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Paso Robles and Points South
Although often lumped in with other appellations in California’s Central Coast, Paso Robles has its own distinct culture and values, both of which are clearly reflected in the wines. In recent years, a number of outside investors have arrived in Paso, attracted by, among other thing, large tracts of land that are virtually impossible to find in other parts of the state. Law, Epoch and Daou are all sprawling properties on a scale that is completely different from the norm in most parts of the Central Coast, with the exception of a few properties in Santa Barbara.
At the same time, a younger generation of winemakers has begun to emerge, which creates a compelling contrast between the super luxurious, no-expenses-spared estates and much more artisan wineries producing just a handful of barrels of wine. Rhône varieties have garnered much of the attention in recent years, but Paso’s early history was built on Zinfandel and Cabernet Sauvignon, both of which can be exciting here.
Lastly, I continue to see an evolution in winemaking towards styles that are more transparent to site than in the past. Within a global context, the wines of Paso Robles are naturally rich, powerful and intense on their own, so winemaking doesn’t need to highlight those attributes, they are already in the fruit. The much bigger challenge is to keep wines from being excessively heavy. The greater use of whole clusters in Rhône varieties and the increased presence of cement in the cellars are but two of the developments that are recent to Paso within just the last few years. My own belief is that we are just at the beginning of what will one day be viewed as the beginning of Paso’s modern-day history.
Paso Robles - The 2012 Vintage
Growers were thrilled to see 2012 after a cold 2010 with late season heat spikes and even colder, later-ripening harvest in 2011 with lower levels of ripeness and other significant weather challenges including frost and poor flowering. Conditions during 2012 were much more favorable. Broadly speaking, 2012 brought dry, sunny weather with warm, but not excessively hot temperatures and a final phase of ripening with no surprises that gave growers the ability to pick at a leisurely pace. Expectations were high for a more typical vintage of rich, deeply textured wines.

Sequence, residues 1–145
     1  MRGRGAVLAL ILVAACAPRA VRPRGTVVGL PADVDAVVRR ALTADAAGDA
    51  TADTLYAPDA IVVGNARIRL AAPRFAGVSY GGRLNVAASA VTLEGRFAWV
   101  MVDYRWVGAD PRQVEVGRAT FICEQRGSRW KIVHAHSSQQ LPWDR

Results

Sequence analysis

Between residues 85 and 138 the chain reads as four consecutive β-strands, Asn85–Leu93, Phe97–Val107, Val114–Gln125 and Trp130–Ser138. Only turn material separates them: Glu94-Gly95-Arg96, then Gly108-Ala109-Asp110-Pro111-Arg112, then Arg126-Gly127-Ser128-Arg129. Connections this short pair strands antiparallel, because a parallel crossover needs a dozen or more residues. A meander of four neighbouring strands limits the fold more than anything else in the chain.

Tasting from barrel at Denner
As I wrote in my reports on the wines of Santa Barbara and the Santa Lucia Highlands, yields were higher than normal in 2012, but at the same time, Rhône varieties did not suffer as dramatically as cooler-climate varieties. Overall, the 2012s show lovely radiance and tons of near and medium-term appeal, with soft contours and no hard edges. The wines are medium in body, but not at all huge or explosive, as they can so often be in this part of the state.
Undulating hillside vineyards at L’Aventure
From cellar to cellar, producers commented on how surprised they were at the softness and generally medium-bodied structures of the wines, something that was evident even during the fermentations. Some winemakers think the 2012s will gain body and structure in bottle. Others believe the positive surprise of 2011 influenced producers to pursue a more restrained style of winemaking. A third group of producers chalks up the personality of the 2012 vintage to one of the mysteries of life that can't be easily explained. The 2012s impress for their radiance and early appeal, even if the visceral thrill of the very finest years is missing.
For that, readers will have to wait until the 2013s are released next year. Based on what I have tasted from barrel so far, the 2013s will prove to be superior to the 2012s. Yields were also generous in 2013, but in the second year of a drought cycle the vines produced more concentrated juice, yet retained brighter acidity and greater tension. It is still early for 2013, yet the best wines are incredibly exciting, even at this stage.
This article includes wines from Paso Robles, along with a number of wines from neighboring counties.
For more background on Paso Robles, readers might enjoy revisiting some of the articles in our Archive.
Paso Robles and Beyond: Excellence in 2011
California's Central Coast: Better than Ever
Exploring California’s Central Coast
-- Antonio Galloni